I’m currently wrapping up the engraving process for Midsummer Pavanes, my new piece for symphonic band. The program notes and a couple of screen grabs are below.
In June 2012 I received sad news that my dear friend George Buckbee had passed away unexpectedly at his home near Helsinki, Finland. Despite living on different continents for most of our friendship, George and I had nonetheless maintained a lively and stimulating correspondence since we met in the late 1990’s, when I was an undergraduate and he was emeritus professor and interim dean at the Conservatory of Music at the University of the Pacific in Stockton, California. Whether by email or post, George never hesitated to share news, opinions, wisdom, and encouragement, to say nothing of the occasional second-hand book or score. George was also a tireless promoter of my work: he commissioned two pieces from me and frequently passed along my scores to European musicians. It was significant that George passed during the midsummer celebrations, a special time of year in his adopted Scandinavian homeland; George often sent vivid descriptions of these festive times with family and friends.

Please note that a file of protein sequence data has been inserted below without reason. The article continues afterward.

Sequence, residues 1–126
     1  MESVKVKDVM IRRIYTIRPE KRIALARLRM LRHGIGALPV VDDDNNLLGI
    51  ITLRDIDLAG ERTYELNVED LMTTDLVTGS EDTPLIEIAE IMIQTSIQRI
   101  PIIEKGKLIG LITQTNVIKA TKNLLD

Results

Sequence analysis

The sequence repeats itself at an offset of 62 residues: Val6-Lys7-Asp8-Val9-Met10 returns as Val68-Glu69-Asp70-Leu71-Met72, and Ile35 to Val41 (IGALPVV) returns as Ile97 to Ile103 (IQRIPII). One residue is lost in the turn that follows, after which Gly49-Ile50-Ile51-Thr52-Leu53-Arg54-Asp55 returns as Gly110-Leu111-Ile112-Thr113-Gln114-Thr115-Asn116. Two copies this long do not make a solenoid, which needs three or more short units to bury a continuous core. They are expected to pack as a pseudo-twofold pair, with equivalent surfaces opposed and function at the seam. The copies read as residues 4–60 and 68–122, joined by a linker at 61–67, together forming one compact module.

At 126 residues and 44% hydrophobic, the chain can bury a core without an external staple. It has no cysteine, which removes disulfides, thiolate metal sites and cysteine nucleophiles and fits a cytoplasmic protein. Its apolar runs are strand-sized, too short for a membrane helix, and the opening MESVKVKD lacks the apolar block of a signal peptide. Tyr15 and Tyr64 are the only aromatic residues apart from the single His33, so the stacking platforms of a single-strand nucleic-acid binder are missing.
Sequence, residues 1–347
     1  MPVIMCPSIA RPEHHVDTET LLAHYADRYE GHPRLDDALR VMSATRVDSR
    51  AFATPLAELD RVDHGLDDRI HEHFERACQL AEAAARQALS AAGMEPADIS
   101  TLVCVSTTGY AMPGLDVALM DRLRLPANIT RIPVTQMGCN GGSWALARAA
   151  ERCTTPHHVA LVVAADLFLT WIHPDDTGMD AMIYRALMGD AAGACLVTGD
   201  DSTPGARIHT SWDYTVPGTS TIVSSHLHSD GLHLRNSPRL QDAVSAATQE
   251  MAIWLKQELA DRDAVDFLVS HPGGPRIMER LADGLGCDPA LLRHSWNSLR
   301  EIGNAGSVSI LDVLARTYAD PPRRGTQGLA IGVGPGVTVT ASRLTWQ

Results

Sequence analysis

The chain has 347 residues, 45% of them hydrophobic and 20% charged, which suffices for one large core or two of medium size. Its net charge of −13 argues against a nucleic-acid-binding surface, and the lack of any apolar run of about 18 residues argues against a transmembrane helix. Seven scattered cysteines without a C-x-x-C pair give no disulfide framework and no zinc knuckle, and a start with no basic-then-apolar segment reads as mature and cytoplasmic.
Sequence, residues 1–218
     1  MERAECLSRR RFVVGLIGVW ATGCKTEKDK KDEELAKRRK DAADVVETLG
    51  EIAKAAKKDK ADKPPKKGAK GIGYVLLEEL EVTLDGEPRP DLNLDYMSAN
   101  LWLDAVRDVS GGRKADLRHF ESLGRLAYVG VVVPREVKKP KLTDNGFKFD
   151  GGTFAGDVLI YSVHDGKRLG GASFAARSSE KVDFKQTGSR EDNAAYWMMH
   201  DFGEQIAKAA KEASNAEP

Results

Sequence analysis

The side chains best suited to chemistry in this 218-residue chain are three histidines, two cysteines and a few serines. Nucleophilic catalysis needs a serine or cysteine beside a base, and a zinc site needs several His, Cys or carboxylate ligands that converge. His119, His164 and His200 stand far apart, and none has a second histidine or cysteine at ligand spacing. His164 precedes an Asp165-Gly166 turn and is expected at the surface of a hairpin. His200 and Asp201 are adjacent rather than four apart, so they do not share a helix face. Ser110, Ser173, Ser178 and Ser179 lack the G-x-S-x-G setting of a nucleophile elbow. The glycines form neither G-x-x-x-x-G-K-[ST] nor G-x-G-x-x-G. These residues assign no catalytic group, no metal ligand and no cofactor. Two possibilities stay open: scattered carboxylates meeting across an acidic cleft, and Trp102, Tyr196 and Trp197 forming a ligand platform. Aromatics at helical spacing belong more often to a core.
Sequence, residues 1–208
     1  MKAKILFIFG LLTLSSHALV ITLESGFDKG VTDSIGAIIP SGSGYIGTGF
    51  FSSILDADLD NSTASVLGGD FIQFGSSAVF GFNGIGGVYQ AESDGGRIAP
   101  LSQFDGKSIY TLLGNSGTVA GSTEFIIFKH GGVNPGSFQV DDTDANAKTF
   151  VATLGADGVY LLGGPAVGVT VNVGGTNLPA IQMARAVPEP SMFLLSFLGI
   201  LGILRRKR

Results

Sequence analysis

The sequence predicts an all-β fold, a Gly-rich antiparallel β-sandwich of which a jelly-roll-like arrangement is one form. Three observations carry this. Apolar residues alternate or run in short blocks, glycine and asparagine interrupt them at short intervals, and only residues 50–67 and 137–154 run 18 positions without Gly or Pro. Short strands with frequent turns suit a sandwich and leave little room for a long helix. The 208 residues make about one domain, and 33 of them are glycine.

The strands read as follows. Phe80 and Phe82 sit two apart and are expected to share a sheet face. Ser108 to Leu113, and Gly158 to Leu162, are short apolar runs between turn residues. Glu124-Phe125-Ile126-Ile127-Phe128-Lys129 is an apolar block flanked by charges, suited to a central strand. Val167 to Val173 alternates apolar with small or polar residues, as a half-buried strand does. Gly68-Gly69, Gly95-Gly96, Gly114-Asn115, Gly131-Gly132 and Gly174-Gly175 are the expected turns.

It was during this difficult time that I was also just beginning to think about this commission from Bill Staub and others, and I decided to make the piece personally meaningful by honoring the memory of a departed mentor.
As the title suggests, characteristics of the pavane, a moderately slow Renaissance dance sometimes associated with mourning, pervade the work. These aspects include the stately “long-short-short” rhythmic pattern heard frequently in the drums, and the paired but varied statements of melodic ideas. The work opens with a dirge over a descending bass line (another musical device representing grief), a short trumpet fanfare, and a simple, cantabile tune heard in first in F and later in G-flat. The piece returns to F and ends with quiet, improvised percussion figures that slowly dissipate into nothingness.